A website from the Massachusetts Historical Society; founded 1791.
close
-
The Adams Papers Digital Edition is undergoing active maintenance while we work on improvements to the system. You may experience slow performance or the inability to access content. We apologize for any inconvenience this may cause. We will endeavor to return to full capabilities as soon as possible.

Browsing: Adams Family Correspondence, Volume 2


Search for a response to this letter.

Docno: ADMS-04-02-02-0172

Author: Adams, John
Recipient: Adams, Abigail
Date: 1777-04-29

John Adams to Abigail Adams

This days Post brought me yours of 17th. inst. and Miss Nabbys obliging Favour of the 16.1 This young Lady writes a very pretty Hand, and expresses her Thoughts with great Propriety.
{ 228 }
I shall hardly excuse Miss from writing to me, so long as I have done, now I find she can write so well. I shall carefully preserve her Letter and if she neglects to write me frequently I shall consider this Letter as Proof that it is not Want of Abilities, but Want of Inclination.
The Death of Mrs. Howard I greatly and sincerely lament. She was one of the choice of the Earth.
The Account you give me of the Evasions of your Regulations surprizes me not. I detest the Regulations as well as the Embargo. I find it is necessary for me to resign, for I never, of late, think like my Constituents. I am bound by their Sense in Honour and Principle—But mine differs from them every day. I always knew the Regulations would do more Hurt than good.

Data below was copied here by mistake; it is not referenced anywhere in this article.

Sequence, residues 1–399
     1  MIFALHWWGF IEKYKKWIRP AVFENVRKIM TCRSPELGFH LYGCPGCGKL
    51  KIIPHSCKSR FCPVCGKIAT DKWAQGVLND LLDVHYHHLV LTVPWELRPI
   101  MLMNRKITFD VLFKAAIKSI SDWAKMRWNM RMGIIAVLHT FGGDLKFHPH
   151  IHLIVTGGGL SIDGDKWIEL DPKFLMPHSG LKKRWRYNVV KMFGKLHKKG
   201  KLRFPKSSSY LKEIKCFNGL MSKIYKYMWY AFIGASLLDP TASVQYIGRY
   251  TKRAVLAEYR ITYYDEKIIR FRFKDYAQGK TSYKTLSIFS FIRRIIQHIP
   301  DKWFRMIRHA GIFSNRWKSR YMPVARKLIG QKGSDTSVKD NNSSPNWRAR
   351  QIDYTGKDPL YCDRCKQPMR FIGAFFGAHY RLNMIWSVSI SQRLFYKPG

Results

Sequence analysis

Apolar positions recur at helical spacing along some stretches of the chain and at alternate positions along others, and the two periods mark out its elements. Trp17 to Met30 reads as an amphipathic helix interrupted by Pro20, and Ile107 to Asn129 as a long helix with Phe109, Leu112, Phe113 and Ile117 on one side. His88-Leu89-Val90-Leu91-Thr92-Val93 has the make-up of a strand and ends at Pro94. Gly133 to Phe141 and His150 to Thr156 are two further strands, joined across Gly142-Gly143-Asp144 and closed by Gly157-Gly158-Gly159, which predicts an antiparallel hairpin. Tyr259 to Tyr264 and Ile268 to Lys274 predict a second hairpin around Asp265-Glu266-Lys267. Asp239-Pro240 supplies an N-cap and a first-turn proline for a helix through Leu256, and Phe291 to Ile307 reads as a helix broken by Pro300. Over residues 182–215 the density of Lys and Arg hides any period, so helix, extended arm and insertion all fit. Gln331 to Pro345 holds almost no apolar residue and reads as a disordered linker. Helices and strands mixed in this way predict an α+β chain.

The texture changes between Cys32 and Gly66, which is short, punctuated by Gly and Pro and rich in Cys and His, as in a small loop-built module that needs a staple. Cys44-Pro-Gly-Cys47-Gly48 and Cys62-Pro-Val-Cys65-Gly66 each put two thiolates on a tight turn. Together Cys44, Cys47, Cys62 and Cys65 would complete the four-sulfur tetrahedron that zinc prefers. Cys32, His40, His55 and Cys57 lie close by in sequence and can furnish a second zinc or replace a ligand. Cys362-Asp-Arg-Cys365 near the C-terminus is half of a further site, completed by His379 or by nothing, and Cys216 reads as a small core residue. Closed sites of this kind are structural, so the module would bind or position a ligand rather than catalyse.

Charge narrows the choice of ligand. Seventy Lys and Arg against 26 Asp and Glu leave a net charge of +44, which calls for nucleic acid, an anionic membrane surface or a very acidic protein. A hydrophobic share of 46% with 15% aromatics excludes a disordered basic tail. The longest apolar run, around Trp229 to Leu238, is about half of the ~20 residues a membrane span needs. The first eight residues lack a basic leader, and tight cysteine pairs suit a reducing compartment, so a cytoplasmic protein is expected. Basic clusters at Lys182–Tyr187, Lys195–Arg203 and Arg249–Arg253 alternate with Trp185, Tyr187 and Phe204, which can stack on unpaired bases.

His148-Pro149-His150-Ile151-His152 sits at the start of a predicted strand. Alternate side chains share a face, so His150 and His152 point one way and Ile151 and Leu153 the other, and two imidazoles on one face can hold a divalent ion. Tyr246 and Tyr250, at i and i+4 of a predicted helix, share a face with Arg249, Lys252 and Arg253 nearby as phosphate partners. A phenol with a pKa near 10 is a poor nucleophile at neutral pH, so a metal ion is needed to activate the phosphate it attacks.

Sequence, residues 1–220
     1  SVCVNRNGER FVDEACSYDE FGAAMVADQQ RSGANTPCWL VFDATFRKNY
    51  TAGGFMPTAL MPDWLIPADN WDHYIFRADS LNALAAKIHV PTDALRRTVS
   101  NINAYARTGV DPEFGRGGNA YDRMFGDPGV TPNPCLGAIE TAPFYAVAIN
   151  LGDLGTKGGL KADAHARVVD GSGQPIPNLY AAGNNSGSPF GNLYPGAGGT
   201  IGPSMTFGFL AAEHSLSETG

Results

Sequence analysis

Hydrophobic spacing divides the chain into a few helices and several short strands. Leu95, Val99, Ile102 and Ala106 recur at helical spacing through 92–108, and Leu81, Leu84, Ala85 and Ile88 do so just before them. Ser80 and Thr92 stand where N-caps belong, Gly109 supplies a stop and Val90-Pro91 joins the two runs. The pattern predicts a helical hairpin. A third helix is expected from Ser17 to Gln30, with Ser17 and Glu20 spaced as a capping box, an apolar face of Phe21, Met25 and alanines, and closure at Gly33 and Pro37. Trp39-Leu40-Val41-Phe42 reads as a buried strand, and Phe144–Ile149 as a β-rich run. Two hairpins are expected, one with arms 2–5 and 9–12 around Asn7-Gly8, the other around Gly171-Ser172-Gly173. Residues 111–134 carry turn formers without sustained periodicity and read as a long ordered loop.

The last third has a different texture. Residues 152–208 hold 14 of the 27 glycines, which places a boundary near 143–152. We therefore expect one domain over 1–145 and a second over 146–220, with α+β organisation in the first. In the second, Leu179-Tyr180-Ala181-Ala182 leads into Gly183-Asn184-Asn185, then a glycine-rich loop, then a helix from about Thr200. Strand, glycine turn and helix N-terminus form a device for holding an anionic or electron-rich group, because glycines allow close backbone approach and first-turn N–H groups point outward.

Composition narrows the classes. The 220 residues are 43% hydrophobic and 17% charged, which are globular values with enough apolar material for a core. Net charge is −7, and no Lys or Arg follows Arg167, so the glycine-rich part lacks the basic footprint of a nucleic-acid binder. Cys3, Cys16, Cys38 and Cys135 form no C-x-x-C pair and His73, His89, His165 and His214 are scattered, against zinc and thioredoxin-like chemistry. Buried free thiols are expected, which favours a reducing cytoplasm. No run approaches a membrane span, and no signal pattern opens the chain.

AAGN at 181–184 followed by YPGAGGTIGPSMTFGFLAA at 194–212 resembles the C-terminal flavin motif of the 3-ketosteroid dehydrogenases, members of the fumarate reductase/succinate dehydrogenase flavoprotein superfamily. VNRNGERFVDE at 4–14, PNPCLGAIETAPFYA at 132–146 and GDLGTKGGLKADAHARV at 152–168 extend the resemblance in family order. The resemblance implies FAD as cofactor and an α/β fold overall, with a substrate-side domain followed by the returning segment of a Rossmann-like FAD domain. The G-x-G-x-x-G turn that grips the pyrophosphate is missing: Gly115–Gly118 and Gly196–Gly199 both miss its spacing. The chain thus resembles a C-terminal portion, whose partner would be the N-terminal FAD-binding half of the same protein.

The inclosed Speculations upon the Health of the Army, were written I suppose by Dr. Rush,2 as the former ones I know were done by him.
There is a letter of 20 Feb. from Dr. Lee, which says that Boston was to be attacked by Ten thousand Germans and three thousand British under Burgoin.3 But Circumstances since may have altered Cases.
RC (Adams Papers). Enclosure missing, but see note 2.
1. AA 's letter is printed above; AA2 's has not been found.
2. This was a remarkable article entitled “Directions for Preserving the Health of Soldiers” which was first printed in the Pennsylvania Packet, 22 April 1777, signed “R.” It was reprinted as a pamphlet, with a long subtitle and textual changes and additions, by order of the Board of War early in 1778 (Lancaster: John Dunlap; Evans 16064). This brief but pioneering essay in military hygiene was reprinted again and again until as late as 1908 and proved one of the most influential among all of Benjamin Rush's voluminous writings. An annotated text will be found in Rush's Letters , 1:140–147.
3. This was clearly some version of Arthur Lee's letter from Bordeaux, 18 Feb., of which a text is printed in Wharton, ed., Dipl. Corr. Amer. Rev. , 2:272–273.